Pro #3: Edit After Shooting
While you might be tempted to enhance the initial capture with fancy bells and whistles, there is way more value in getting the perfect shot and editing afterwards. You should be more concerned with working the scene, getting the best shots possible and really crushing the capture than anything else. Once the epicness is in your storage, that’s where the magic starts:
Never zoom, always crop. Digital zoom on phones (despite the advancements in technology across devices) is still trash. You are far, far better off taking the shot, cropping it after, and blowing it up to size later.
Who needs filters when you can edit? Look, we all love filters. But you can get better results with editing software. Whether it’s an editing app on your phone or Photoshop (or one of its free competitors) on your computer, taking a couple hours to learn how to adjust colors, saturation and contrast will let you get things looking exactly how they need to look to blow up on the gram.
Front camera? Not even once. There is no debate here. If you need to hold the cam steady why not scroll to Tip #1 and check out voice command features (if available on your device).
Stabilization is your friend. While the built-in stabilizers are pretty decent on some smartphones, you are probably better off bouncing footage to a program like Premier Pro and using its stabilizers. This can really make the difference and save great footage that was just too shaky before.
Pro #4: Shoot Video in Airplane Mode
The thought of all the sick footage that has been ruined by a call from work, or the bank, or mom, or anyone else absolutely breaks our hearts. This tip is a little lightweight compared to the rest, but we include it because it is mission critical!
There are two types of people in this world: those who don’t care to turn on airplane mode while shooting footage because it hasn't happened to them, and those who have and will never forget to do it again.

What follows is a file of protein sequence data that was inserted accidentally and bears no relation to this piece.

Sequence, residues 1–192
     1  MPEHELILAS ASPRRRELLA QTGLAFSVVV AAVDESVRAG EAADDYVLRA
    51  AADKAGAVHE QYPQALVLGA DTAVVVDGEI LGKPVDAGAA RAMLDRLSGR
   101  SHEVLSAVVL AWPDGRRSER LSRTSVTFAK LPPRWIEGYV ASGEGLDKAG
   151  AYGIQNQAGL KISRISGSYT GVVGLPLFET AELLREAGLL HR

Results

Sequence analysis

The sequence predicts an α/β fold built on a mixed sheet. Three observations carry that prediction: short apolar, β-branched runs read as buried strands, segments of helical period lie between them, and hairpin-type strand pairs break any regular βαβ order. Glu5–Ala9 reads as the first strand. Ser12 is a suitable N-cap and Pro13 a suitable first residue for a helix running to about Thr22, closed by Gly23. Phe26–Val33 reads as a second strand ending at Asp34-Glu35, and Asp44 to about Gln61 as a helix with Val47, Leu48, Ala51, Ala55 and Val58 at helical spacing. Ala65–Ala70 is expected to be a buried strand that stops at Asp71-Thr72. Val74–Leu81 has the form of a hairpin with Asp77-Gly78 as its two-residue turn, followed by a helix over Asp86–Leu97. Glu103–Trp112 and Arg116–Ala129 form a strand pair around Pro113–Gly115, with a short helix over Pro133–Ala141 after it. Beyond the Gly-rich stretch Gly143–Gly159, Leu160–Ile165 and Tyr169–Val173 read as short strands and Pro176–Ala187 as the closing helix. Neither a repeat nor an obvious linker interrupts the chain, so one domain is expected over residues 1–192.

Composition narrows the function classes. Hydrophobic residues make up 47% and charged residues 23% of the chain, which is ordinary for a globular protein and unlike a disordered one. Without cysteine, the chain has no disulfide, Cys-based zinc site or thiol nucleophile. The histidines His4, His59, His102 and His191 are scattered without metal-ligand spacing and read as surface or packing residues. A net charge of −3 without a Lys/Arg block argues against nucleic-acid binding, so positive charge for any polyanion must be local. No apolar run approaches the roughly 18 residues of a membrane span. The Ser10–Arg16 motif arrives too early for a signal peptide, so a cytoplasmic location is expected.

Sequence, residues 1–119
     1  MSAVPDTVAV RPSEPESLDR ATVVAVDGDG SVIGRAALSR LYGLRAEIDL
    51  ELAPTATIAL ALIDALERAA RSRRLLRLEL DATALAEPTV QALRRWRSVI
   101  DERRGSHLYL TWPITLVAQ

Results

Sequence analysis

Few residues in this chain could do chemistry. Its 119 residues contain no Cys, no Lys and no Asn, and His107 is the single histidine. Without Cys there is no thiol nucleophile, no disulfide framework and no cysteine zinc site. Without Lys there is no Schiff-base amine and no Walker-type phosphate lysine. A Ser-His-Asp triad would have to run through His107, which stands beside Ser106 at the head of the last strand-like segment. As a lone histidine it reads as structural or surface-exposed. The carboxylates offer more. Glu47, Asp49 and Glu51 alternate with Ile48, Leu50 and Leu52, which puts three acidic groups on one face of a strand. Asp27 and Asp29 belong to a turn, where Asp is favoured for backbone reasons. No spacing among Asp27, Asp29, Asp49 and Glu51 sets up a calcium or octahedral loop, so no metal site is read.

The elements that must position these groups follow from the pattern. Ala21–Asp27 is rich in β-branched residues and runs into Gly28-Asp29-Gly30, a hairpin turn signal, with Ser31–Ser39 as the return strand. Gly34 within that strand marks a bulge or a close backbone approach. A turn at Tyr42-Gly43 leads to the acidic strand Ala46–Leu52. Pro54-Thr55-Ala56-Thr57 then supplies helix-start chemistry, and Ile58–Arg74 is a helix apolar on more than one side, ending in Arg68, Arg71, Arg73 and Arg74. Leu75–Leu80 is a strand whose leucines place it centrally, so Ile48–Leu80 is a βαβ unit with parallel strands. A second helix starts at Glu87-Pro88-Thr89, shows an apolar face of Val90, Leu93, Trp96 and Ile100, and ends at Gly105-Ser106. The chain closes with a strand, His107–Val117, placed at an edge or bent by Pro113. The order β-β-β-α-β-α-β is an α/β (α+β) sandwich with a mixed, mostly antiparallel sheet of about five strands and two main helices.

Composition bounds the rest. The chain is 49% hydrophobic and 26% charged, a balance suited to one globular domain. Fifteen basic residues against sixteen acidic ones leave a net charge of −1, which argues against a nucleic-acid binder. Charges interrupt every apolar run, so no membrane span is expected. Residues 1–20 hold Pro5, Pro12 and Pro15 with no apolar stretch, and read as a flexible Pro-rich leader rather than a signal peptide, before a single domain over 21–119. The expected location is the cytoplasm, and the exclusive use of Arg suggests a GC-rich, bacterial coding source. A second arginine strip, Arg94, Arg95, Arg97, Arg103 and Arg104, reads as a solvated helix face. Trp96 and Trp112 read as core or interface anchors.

Pro #5: Learn the Basics of the Craft
This has less to do with your phone, and it probably receives way too much attention in the other guides we have come across, but it still stands: Photography and videography are arts, and there are a couple centuries worth of masters who have created best practices for you to follow.
Do the following terms ring a bell?
Rule of Thirds
A concept to help you compose interesting and aesthetically appealing imagery. In short, divide your camera's view into thirds vertically and horizontally (a nine square grid) and orient the horizon, your subject, lines or other points of interest along these invisible lines. A grid setting can help get you rolling.
Fill the Frame
When taking portraits, it's good practice to fit people tight in the frame instead of stepping back and letting the background swallow them. This is true for wildlife, pets and other subjects that benefit from closer perspectives. If you want to photograph something, get in there and make it the undisputed focal point.
In photography, lines are your friends, especially lines that lead the viewer's eyes out from the foreground into the background, providing depth. A road or shoreline extending to the horizon are great examples. Diagonal lines, curvy lines, implied lines and S-curves are all interesting and worth fitting into your compositions.
Rule of Odds
Simply put, take pictures of odd things. No, not weird things (well, that works for some people). We mean odd numbers. It has been proven that compositions with odd numbers of people, puppies, pieces of pie, etc. are more visually appealing and make for well-balanced photographs. This probably won't work for wedding photography, but hey, these are guidelines.
Never heard this stuff before? It's time to study up! Learning from those who have come before you will move you one step closer to taking professional-quality smartphone photos (and then tagging #GoWorx when your Instagram picture gets 83 million views).We hope you enjoyed this fresh perspective on stepping up your smartphone photography game. The phone should not be overlooked as an excellent secondary camera for pros and a completely suitable primary camera for anyone! If you have your own tried-and-true smartphone photography tips, please let us know!